Obama Presidential Center Would Have ‘Adverse Impact’ on Historic Jackson Park, Federal Review Concludes
Fran Spielman, Chicago Sun Times, July 30, 2019
Construction of the $500 million Obama Presidential Center will have an “adverse impact” on historic Jackson Park that must be mitigated, a federal review has concluded.
In a report triggered by Jackson Park’s listing on the National Register of Historic Places, the Federal Highway Administration homed in on the negative impact the four-building complex would have on the majestic Midway Plaisance and the Jackson Park Historic Landscape District.
The project would diminish the “the historic property’s overall integrity by altering historic, internal spatial divisions that were designed as a single entity” by renowned landscape architect Frederick Law Olmstead, the FHA concluded.
It also concludes “size and scale of new buildings” would “diminish the intended prominence of the Museum of Science and Industry building and alter the overall composition and design intent of balancing park scenery with specific built areas.”
“The combined changes diminish the sense of a particular period of time within the historic property and impact the integrity of feeling,” according to the report. The project would, therefore, alter “characteristics of the historic property that qualify it for inclusion in the National Register” and require “deviating from the simple formality of open space that reflects the historic design principle of informal symmetry and balance in design.”
The finding puts pressure on the Obama Foundation to find a way to “resolve adverse effects” and turns up the heat on Mayor Lori Lightfoot to order the foundation to make those changes.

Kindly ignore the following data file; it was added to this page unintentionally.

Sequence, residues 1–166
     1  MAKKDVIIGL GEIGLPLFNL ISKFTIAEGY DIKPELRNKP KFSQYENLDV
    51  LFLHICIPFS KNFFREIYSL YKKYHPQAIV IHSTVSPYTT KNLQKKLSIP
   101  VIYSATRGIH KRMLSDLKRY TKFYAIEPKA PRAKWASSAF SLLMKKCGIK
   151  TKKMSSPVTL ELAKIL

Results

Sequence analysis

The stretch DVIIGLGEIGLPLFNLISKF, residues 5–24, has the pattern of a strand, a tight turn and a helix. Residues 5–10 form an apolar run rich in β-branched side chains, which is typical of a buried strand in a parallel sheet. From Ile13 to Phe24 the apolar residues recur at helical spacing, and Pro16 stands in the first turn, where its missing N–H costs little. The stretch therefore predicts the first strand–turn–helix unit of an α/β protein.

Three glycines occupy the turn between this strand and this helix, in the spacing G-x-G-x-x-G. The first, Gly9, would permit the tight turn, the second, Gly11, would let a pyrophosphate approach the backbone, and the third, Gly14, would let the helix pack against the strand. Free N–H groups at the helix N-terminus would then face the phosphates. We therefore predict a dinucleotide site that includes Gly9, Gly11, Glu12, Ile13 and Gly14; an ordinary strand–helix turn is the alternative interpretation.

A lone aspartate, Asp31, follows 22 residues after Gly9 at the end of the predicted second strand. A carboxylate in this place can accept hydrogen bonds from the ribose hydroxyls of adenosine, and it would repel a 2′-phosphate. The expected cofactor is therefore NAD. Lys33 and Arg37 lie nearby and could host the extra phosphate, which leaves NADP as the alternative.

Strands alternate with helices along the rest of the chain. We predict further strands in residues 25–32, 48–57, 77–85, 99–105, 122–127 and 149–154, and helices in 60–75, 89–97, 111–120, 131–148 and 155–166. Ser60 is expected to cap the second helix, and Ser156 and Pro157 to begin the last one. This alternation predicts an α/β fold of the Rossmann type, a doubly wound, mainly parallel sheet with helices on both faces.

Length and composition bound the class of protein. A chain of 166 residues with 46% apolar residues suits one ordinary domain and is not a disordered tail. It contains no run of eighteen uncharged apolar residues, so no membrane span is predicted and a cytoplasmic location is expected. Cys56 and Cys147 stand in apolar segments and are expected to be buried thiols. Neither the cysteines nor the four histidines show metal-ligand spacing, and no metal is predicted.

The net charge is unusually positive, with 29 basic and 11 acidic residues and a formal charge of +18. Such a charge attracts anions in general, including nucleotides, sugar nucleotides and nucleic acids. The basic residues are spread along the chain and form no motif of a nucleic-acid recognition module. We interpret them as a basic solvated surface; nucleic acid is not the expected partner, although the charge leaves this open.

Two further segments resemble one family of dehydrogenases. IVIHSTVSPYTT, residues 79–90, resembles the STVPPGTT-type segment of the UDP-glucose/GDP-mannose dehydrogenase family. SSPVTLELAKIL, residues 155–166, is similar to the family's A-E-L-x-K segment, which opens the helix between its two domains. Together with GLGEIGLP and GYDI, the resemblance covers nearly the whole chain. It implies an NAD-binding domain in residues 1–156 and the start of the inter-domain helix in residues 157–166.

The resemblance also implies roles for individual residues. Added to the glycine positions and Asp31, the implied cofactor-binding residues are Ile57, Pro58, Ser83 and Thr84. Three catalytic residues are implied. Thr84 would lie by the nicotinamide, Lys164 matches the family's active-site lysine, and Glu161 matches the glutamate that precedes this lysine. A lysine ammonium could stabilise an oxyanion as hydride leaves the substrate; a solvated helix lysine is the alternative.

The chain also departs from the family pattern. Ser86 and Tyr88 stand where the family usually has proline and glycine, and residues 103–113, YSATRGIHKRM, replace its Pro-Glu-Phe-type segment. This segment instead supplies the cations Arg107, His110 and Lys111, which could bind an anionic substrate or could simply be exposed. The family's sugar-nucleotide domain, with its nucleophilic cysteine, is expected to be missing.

“The Obama Foundation has yet to show any interest in compromising on any of this. It may take [Lightfoot] to bring them to the table,” said Margaret Schmid, co-president of Jackson Park Watch.
City Hall is prepared to take on some of the responsibility for addressing the needs of South Side residents affected by the Obama Center, the mayor said.
“We’re not going to sit back passively and just be the facilitator or the conduit by which city approvals, licensing and so forth gets approved,” she said.
“It is a big honor and opportunity for us to have this presidential center coming to Chicago and particularly for the South Side. And I want to use that opportunity to make catalytic change in the trajectory of the quality of life for people in those neighborhoods.”
Shortly before leaving office, former Mayor Rahm Emanuel, who served as Obama’s first White House chief of staff, pushed through a revised master agreement for the Obama Presidential Center to lease 19.3 acres of city land to the Obama Foundation for 99 years for the token price of $10.
The land transfer was contingent on the Obama Foundation’s ability to raise enough money to build the center and establish an endowment to cover maintenance and operations.
Schmid said the Obama Center “could be redesigned to be compatible” with Jackson Park. But it would require shrinking a 23-story building to a size “no taller” than the Museum of Science and Industry; maintaining “as many mature trees as possible;” and keeping Cornell Drive open and making it four lanes throughout, but slowing it down to end the threat of traffic overflow to surrounding neighborhoods.”